By Brent Kendall and Jared S. Hopkins 

WASHINGTON -- The U.S. business of Teva Pharmaceutical Industries Ltd. has been indicted on charges the drugmaker fixed prices on generic drugs, according to a person familiar with the matter.

The Justice Department is expected to announce the charges imminently, the person said.

The indictment is the highest-profile action in a long-running investigation of the generic-drug industry that has resulted in more than 10 cases against companies and executives.

Most companies so far have agreed to settle charges by paying criminal penalties, admitting wrongdoing and agreeing to cooperate, in exchange for deferred prosecution agreements in which the government would drop the cases eventually, so long as the defendant companies fulfilled their obligations under the settlements.

Among those that reached such deals were Novartis AG's Sandoz subsidiary, which in March agreed to pay a $195 million criminal penalty, and Taro Pharmaceuticals Inc., which agreed last month to pay $205.7 million.

Teva had met with top DOJ brass to try to persuade them not to bring a case, and it was resistant to a settlement that would have included a deferred prosecution agreement and a requirement that the company admit wrongdoing, the person familiar with the matter said.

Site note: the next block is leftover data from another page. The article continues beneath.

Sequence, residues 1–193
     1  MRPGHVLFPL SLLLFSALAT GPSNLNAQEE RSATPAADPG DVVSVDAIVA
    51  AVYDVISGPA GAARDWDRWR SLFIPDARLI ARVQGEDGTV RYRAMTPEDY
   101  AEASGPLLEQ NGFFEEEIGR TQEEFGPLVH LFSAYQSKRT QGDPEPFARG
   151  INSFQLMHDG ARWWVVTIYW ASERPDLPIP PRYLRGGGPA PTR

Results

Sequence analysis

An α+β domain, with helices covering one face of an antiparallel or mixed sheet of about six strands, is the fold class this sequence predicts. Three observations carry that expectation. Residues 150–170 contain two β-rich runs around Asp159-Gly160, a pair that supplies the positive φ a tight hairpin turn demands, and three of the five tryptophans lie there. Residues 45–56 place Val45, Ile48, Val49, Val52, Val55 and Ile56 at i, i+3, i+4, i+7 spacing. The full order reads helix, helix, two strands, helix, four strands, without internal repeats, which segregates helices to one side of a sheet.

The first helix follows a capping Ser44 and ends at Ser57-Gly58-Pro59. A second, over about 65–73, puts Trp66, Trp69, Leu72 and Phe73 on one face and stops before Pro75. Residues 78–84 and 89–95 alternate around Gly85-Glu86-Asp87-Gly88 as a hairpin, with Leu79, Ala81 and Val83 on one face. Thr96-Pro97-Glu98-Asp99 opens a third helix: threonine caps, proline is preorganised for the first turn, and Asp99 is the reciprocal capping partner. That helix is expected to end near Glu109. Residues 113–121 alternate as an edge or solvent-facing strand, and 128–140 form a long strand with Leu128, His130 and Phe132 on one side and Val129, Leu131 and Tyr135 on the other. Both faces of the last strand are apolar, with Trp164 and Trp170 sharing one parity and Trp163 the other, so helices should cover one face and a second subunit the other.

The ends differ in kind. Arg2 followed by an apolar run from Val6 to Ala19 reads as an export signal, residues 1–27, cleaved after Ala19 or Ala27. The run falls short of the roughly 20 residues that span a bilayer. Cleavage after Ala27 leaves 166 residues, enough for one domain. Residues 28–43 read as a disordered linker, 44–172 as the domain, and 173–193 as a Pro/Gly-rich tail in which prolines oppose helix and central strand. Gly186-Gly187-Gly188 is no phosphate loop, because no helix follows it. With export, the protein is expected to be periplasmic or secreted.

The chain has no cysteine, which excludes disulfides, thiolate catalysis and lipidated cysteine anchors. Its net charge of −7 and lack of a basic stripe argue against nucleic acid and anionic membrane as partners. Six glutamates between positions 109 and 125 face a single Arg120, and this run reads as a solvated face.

A Teva spokeswoman declined to comment.

Teva, which had nearly $17 billion in sales last year, is among the largest pharmaceutical companies globally. The company has been challenged in recent years by the collapse of generic drug prices and a heavy debt load, seeing shares fall more than 80% since 2015. New management initiated a restructuring.

In addition to financial penalties, a felony conviction of Teva could lead to its exclusion from federal health-care programs.

The charges are the latest headache for Teva, which also is facing price-fixing lawsuits from state attorneys general and private plaintiffs.

The company's U.S. unit also was hit with a separate civil lawsuit from the Justice Department earlier this month alleging it engaged in a scheme to game the Medicare system and prop up high prices for its multiple sclerosis drug Copaxone. Teva denied the allegations.

Write to Brent Kendall at brent.kendall@wsj.com and Jared S. Hopkins at jared.hopkins@wsj.com

 

(END) Dow Jones Newswires

August 25, 2020 18:42 ET (22:42 GMT)

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